Nebraska amends anti-trans healthcare bill to ban abortion after just 12 weeks: ‘This is not normal’

Senator Merv Riepe at his desk in the Nebraska House

Amendments to a bill banning gender-affirming care for trans people in Nebraska would also outlaw almost all abortions if passed.

Republican state lawmaker Ben Hansen filed amendments to legislative bill 574 (LB574), also known as the Let Them Grow Act, that would ban abortions after 12 weeks.

The legislation also seeks to restrict gender-affirming care for trans youth, including physically reversible puberty blockers, by rescinding state funding from healthcare practitioners who prescribe them.

Gender-affirming surgery for trans youth would also be banned despite there being no healthcare institution that performs procedures on young trans people.

Additionally, the bill would leave medical professionals susceptible to lawsuits if they continue to administer puberty blockers.

The latest set of amendments filed by Republican state senators coincides with the blocking of an anti-abortion bill that would have banned procedures after six weeks.

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The almost completely partisan vote on 27 April was blocked by state Republican senator Merv Riepe, who chose to vote against the bill.

His decision prompted outrage from fellow Republican lawmakers, who called for the 80-year-old politician’s resignation.

However, Riepe instead filed an amendment to the Nebraska Heartbeat Act to modify the time to 12-week limit – the same time as LB 574’s amendments.

Filed in January, the anti-trans law has been opposed by Democratic lawmakers, including senator Megan Hunt, who have been filibustering the bill for several months. to prevent it from being voted on.

Speaking to The Independent, Hunt said: “This is not normal, it’s not serious, it’s not professional and it’s beneath the dignity of the work that we’re called to do in this legislature as lawmakers.”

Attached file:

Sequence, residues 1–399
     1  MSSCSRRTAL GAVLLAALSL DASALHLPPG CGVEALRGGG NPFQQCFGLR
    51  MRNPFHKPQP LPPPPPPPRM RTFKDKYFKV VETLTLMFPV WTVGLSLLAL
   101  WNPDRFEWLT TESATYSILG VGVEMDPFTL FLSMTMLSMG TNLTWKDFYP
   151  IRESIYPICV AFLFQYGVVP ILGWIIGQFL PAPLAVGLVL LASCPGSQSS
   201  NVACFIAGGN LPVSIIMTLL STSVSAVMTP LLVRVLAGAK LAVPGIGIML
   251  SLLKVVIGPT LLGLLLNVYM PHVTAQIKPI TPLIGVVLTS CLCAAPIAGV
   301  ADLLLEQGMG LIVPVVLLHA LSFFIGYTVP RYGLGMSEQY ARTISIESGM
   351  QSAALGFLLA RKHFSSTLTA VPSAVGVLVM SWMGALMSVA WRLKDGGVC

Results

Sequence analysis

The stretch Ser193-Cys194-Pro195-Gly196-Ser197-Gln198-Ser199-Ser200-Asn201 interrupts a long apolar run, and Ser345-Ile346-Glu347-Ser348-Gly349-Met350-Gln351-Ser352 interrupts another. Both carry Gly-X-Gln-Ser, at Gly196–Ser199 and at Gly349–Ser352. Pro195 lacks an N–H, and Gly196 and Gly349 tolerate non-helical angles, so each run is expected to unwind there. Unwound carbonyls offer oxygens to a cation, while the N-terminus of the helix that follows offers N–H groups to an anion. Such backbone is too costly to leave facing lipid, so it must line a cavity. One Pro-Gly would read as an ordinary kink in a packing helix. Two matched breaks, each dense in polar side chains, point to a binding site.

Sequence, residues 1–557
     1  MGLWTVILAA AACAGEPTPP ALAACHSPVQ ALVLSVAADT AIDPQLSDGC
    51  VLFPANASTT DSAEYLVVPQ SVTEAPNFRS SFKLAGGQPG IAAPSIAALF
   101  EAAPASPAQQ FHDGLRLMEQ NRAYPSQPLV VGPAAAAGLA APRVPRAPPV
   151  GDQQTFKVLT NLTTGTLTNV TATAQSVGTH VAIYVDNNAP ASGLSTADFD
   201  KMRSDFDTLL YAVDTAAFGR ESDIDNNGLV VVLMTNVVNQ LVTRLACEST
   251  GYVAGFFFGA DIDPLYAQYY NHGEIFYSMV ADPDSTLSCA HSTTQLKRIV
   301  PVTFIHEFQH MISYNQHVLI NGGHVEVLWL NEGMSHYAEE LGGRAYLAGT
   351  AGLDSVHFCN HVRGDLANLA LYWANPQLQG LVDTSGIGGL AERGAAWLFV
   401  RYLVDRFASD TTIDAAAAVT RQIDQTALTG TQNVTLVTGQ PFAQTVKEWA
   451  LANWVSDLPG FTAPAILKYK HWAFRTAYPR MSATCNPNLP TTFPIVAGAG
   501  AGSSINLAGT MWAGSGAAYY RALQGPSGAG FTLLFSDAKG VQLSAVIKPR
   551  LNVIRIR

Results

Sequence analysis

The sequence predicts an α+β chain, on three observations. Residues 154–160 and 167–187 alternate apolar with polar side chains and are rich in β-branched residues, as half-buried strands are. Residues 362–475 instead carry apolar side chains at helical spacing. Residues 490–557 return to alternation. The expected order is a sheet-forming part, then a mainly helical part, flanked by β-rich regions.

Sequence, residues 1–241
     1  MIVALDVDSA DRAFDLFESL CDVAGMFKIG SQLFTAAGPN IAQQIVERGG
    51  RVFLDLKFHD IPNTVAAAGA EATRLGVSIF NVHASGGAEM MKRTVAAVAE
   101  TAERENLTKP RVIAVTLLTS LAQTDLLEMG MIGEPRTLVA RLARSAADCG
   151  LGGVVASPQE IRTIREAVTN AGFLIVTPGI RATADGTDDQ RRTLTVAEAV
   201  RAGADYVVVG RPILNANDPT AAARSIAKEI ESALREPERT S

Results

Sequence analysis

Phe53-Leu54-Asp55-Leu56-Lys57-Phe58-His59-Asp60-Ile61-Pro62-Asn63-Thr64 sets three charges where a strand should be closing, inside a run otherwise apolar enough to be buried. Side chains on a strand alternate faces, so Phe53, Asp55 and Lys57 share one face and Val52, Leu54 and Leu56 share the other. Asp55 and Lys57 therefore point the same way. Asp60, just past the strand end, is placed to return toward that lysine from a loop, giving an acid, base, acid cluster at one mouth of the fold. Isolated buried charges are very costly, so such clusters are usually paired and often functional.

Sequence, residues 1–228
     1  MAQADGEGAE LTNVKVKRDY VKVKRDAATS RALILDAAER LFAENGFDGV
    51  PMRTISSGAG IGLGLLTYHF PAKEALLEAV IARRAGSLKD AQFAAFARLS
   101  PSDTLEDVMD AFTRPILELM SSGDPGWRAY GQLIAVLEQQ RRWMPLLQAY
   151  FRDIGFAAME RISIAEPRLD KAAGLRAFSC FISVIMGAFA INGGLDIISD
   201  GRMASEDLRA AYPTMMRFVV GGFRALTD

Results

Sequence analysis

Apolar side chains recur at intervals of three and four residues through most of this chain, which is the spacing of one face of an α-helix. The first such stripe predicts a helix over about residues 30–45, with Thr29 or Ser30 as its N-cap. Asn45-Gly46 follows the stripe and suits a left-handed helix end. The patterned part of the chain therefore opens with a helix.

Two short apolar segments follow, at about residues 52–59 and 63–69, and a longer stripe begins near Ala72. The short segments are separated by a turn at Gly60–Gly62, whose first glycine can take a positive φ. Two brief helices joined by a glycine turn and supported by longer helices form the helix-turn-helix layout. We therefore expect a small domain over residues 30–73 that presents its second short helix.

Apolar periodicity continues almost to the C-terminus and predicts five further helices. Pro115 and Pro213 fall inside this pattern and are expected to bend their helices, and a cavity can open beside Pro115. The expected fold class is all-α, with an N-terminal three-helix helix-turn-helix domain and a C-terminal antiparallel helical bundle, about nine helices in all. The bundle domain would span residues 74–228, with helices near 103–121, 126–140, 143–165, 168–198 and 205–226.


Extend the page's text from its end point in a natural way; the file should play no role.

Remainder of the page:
In addition, more than 100 state-wide businesses and non-for-profit organisations have signed an open letter condemning the ban as “not good for business”.

The letter argued that, not only are the proposed laws “discouraging and disappointing”, they also negatively affect local businesses by creating a hostile environment and causing pro-LGBTQ+ allies to stay away from Nebraska.

“Nebraska can avoid major competitive risks – and win investment, business and talent – by sending a clear consistent signal that all are welcome here and Nebraska is open business,” it read.

“A welcoming stance towards all people matters – not just for marginalised workers. The next generation of workers aren’t just wanting inclusive environments, they are demanding it.”

Republican state senator Kathleen Kauth, the bill’s author, dismissed the letter as fear-mongering tactics, saying that the bill’s sponsors should check the list of signed businesses and “decide where they spend their money”.

In a legislative address on Friday (5 May), Hunt responded to the controversy, saying: “I do not believe in reciprocating civility to people who would take your rights away.”

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